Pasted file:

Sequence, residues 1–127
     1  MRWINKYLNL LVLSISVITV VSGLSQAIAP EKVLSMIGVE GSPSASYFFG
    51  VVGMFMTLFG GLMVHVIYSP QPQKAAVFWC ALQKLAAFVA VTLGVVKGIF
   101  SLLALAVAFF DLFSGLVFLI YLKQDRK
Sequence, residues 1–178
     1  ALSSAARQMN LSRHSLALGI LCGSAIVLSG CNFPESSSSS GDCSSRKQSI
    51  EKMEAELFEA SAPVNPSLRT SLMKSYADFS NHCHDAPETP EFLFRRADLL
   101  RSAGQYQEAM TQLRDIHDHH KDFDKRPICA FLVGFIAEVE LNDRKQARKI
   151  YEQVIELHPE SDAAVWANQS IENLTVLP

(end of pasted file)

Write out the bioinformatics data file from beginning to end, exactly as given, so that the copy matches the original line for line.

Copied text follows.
Sequence, residues 1–127
     1  MRWINKYLNL LVLSISVITV VSGLSQAIAP EKVLSMIGVE GSPSASYFFG
    51  VVGMFMTLFG GLMVHVIYSP QPQKAAVFWC ALQKLAAFVA VTLGVVKGIF
   101  SLLALAVAFF DLFSGLVFLI YLKQDRK
Sequence, residues 1–178
     1  ALSSAARQMN LSRHSLALGI LCGSAIVLSG CNFPESSSSS GDCSSRKQSI
    51  EKMEAELFEA SAPVNPSLRT SLMKSYADFS NHCHDAPETP EFLFRRADLL
   101  RSAGQYQEAM TQLRDIHDHH KDFDKRPICA FLVGFIAEVE LNDRKQARKI
   151  YEQVIELHPE SDAAVWANQS IENLTVLP